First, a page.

Side note but seriously, look how gorgeous this picture is! Anyway, curiosity gets the better of Frank and Clarie and they sneak up to an ancient set of stones (think Stonehenge) and watch an ancient Druid ritual that brings the sunrise. This was my favorite part of the episode. I keep using the word gorgeous, but honestly it's the best way to describe it. The music was stunning, the way the dancers moved, the slow rise of the sun over the valley, that feeling of something otherworldly that came across on screen and was reflected in Claire's was all spectacular. The mystic nature of the episode is not only highlighted by this Druid ritual, but in Claire's tea leaves and palm reading. Her leaves are contradictory and her palm reading doesn't fare much better--how can she have two marriages but that aren't divided? I'm sure there is a ton of foreshadowing in this passage but I don't need to worry about it now. While Frank is off doing more research into his ancestor "Black Jack," Claire decides to pay another visit to the stones to look at flowers. There is a very loud windy noise that seems to beckon Claire to one stone in particular, and when she reaches out to touch it, the world goes black. Just pretend the stone is the TARDIS.

When Claire wakes, she's in the same place but something seems off. She can't find her car or the road. Oh. And there are real life Redcoats firing real bullets at her. She manages to run to a stream and finds a man who looks startling familiar. This man looks exactly like Frank, except it becomes quite clear that it is not Frank, but rather his ancestor Black Jack. And Black Jack is not a gentleman. Claire is saved from Jack by a Scotsman who takes her to tiny hut where the other Scotsman try to determine if Claire is a whore or not. Brief aside, but it will take your ear a moment or two to get used to the brogue. Or maybe it was just me, but it is rather thick at first. One of the clansman has a dislocated shoulder and Claire steps in to fix it for him. Yes, this is Jamie. He of the incredibly chiseled face. Seriously, was this man carved from stone? Claire and Jamie are a bit snippy with each other (naturally) but Claire saves the clansman from an ambush and decides not to run away--because honestly, where is she going to go? She can't exactly find a telephone and call her husband now can she? Claire continues to prove her worth to the clansmen and they take her to Castle Leoch and as Claire says, "her adventure had just begun."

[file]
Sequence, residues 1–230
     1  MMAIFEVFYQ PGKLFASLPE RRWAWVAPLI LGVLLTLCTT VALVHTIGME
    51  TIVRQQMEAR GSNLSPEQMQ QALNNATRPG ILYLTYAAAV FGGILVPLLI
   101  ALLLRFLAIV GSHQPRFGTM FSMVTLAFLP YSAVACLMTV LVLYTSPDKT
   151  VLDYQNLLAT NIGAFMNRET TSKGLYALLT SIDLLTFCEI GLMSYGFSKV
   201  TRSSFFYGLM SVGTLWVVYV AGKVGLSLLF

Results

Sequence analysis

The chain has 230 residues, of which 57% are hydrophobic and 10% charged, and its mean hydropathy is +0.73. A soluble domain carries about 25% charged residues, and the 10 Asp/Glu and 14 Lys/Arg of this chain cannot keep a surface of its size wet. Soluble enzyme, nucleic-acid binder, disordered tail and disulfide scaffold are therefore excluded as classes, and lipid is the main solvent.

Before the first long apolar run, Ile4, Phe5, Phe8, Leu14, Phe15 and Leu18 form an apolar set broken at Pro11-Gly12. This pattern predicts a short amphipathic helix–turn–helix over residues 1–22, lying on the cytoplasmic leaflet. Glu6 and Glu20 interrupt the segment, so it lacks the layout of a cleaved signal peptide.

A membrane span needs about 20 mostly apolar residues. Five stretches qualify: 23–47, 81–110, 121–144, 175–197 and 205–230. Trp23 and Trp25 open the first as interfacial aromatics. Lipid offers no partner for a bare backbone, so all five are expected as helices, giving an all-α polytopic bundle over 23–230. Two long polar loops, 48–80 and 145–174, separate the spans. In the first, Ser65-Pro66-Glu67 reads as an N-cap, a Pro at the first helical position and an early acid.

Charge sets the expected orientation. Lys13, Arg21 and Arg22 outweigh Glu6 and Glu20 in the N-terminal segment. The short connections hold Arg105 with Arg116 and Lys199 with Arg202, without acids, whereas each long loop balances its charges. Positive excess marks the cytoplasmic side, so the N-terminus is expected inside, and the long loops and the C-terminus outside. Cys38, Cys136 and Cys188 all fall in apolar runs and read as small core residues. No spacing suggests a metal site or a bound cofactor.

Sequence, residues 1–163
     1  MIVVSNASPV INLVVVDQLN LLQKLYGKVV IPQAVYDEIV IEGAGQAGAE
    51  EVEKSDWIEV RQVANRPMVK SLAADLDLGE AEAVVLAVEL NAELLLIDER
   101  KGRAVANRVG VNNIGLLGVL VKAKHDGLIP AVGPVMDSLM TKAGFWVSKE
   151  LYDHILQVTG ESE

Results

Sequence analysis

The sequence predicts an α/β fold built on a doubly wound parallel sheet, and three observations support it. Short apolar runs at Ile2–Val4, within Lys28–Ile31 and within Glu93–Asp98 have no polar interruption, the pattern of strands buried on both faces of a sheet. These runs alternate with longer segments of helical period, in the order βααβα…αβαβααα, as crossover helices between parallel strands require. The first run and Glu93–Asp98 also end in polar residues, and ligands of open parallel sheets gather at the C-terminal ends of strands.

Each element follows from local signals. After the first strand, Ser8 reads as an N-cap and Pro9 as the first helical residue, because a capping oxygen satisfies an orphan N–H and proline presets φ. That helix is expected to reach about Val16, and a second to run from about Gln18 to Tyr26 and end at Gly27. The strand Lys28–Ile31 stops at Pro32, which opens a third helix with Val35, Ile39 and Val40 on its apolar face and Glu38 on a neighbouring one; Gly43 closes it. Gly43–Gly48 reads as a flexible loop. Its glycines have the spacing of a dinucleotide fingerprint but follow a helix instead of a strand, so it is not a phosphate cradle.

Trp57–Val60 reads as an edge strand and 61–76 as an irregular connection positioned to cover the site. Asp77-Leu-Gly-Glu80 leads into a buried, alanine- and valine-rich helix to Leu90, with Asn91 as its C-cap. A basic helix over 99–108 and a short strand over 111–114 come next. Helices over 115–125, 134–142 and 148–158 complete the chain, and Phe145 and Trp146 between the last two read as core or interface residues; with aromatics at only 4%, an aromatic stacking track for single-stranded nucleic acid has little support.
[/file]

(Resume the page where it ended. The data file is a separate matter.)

Overall the episode is well done. It's hard to judge a pilot like this because chances are you know the basic story going in. It was sold as a time travel romance story, so you expect that to be set up in the beginning. There are some underlying mysteries that must play out: who was the "ghost" Frank saw in the village? How will Claire and Jamie come together? Can Claire get back to her own time? When Claire's voice over says that she would still make the same choices, what choices are those? Why do I feel like there is something much more sinister to Black Jack than meets the eye? The actors do a perfectly fine job; Claire is particularly enjoyable--smart, witty, independent, and I love that she tells Jamie and the other Scotsman off when they think that her language is less than lady like. I feel really sorry for Frank, if I'm going to be honest. I get the feeling this romance story is really about Jamie and Claire and poor Frank is going to get the short end of the stick. However, Black Jack I can go ahead and hate. Oooh. Contradictions! In short: check it out and enjoy.

Miscellaneous Notes on Sassenach

--Sassenach means "Outlander" in Gaelic.

--I hope they go into Druid myth and ritual more. It's not something I know a lot about (my religion degree does not really extend up to England or Scotland but I've always been curious about it).

--Seriously, the Druid ritual at the stones are breathtaking.

--So much pretty landscape! Have I mentioned that yet?

--Jamie, at the moment, is a wee bit colorless but he was only on screen for about 20 mins so I'll hold tight. Apparently I'll love him by the end.